Effect of Minimum Wages on Human Capital Formation
The hypothesis that minimum wages tend to discourage on the job training is largely supported by our empirical analysis. Direct effects on reported job training and corollary effects on wage growth as estimated in microdata of the National Longitudinal Samples (NLS) and Michigan Income Dynamics (MID) are consistently negative and stronger at lower education levels. Apart from a single exception, no effects are observable among the higher wage group whose education exceeds high school. The effects on job turnover are: a decrease in turnover among young NLS whites, but an increase among young NLS blacks and MID whites. Whether these apparently conflicting findings on turnover reflect a distinction between short and long run adjustments in jobs is a question that requires further testing.
|Date of creation:||Feb 1980|
|Date of revision:|
|Publication status:||published as Mincer, Jacob and Leighton, Linda. "Effect of Minimum Wages on Human Capital Formation." The Economy of Legal Minimum Wages, edited by S. Rottenberg. Washington, D.C.: American Enterprise Institute, 1981.|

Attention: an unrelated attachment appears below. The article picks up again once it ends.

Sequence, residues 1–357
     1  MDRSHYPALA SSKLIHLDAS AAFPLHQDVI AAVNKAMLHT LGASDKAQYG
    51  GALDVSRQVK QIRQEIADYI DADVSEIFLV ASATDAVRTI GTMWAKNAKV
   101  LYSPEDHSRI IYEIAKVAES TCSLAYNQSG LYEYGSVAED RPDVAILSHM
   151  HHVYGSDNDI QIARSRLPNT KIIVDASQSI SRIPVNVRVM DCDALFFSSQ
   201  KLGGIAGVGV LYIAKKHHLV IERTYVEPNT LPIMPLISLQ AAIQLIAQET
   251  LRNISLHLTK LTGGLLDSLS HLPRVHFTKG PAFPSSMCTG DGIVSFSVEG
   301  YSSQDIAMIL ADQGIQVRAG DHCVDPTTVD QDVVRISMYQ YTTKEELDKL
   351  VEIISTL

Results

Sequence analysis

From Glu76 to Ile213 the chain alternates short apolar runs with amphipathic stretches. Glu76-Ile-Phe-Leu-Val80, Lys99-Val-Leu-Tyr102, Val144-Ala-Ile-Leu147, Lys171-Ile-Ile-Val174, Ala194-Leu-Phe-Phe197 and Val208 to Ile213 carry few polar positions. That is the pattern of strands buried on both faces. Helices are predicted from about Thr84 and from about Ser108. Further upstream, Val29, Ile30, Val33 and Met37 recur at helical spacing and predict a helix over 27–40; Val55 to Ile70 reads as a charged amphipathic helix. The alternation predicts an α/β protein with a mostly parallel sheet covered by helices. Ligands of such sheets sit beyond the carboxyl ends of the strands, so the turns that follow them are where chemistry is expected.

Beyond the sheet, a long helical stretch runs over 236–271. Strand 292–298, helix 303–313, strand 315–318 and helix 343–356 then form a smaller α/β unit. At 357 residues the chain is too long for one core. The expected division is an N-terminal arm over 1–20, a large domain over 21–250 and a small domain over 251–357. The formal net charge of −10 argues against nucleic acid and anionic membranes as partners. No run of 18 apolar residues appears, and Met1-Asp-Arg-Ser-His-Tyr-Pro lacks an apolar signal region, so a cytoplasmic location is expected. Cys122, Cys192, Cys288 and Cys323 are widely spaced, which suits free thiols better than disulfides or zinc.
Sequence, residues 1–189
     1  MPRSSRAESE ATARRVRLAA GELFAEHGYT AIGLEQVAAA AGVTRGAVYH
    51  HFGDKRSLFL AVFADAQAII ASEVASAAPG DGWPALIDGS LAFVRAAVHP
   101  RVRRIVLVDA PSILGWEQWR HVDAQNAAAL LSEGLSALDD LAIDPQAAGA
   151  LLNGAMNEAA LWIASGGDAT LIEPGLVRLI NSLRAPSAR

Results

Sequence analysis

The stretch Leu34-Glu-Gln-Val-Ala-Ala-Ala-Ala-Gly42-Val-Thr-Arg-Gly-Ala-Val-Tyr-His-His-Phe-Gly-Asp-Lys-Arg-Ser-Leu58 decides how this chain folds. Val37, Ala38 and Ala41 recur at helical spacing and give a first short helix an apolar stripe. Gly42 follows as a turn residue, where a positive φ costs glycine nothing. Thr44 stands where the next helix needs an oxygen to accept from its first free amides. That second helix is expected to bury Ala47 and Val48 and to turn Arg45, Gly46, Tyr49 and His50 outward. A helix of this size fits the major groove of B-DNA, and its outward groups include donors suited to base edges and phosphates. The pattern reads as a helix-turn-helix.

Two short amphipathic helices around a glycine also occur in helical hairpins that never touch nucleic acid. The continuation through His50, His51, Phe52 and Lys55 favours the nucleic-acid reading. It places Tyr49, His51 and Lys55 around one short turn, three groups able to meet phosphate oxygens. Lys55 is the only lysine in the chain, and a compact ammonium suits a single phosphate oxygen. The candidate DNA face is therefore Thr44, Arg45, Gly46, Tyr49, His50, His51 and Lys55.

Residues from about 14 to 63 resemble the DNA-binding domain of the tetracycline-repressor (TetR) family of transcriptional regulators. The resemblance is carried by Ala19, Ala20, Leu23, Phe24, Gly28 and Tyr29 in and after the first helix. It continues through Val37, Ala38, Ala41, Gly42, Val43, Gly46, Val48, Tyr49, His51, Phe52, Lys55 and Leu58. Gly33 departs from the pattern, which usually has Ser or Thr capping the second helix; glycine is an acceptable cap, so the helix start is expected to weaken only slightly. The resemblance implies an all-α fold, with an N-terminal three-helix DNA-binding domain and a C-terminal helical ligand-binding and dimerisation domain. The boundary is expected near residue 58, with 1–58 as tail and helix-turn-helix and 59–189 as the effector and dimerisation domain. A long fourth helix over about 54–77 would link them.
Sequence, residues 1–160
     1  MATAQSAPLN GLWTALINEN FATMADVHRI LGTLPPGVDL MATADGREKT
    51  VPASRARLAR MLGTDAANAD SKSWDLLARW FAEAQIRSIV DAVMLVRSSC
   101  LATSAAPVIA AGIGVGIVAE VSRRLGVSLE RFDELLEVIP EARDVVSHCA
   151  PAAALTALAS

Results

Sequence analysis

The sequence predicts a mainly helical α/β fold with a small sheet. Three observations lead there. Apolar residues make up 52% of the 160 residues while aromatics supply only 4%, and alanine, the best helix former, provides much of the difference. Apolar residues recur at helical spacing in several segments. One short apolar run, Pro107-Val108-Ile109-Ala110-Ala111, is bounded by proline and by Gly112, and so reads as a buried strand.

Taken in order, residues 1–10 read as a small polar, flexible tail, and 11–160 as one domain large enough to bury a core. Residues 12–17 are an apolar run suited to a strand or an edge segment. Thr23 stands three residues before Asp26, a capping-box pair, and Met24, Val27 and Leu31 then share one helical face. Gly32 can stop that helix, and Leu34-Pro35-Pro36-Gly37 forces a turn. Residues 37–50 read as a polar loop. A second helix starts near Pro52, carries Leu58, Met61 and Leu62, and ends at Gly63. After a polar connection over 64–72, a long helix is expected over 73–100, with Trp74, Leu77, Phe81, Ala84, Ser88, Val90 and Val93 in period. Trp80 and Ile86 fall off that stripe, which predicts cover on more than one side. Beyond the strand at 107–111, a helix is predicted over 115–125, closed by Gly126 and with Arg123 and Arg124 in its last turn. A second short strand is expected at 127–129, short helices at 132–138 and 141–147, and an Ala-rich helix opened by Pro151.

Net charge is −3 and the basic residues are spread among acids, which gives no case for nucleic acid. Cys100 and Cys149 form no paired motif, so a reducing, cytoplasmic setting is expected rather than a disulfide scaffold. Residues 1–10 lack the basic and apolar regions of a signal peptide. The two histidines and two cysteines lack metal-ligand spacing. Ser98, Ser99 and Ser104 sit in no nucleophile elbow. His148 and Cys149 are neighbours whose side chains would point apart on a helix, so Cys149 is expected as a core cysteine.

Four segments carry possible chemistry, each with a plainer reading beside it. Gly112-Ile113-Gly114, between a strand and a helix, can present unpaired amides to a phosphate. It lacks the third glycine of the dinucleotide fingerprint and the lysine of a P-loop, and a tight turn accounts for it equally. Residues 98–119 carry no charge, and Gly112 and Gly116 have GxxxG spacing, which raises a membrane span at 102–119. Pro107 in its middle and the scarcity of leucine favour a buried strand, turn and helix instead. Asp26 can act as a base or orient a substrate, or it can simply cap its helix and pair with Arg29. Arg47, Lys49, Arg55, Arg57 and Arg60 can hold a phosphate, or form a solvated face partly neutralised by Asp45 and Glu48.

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- Jacob Mincer & Boyan Jovanovic, 1981.
"Labor Mobility and Wages,"
in: Studies in Labor Markets, pages 21-64
National Bureau of Economic Research, Inc.
- J. Wilson Mixon & Jr, 1978. "The minimum wage and voluntary labor mobility," Industrial and Labor Relations Review, ILR Review, Cornell University, ILR School, vol. 32(1), pages 67-73, October.
- Robert Swidinsky, 1980. "Minimum Wages and Teenage Unemployment," Canadian Journal of Economics, Canadian Economics Association, vol. 13(1), pages 158-71, February.
- Michael L. Wachter & Choongsoo Kim, 1979. "Time Series Changes in Youth Joblessness," NBER Working Papers 0384, National Bureau of Economic Research, Inc.
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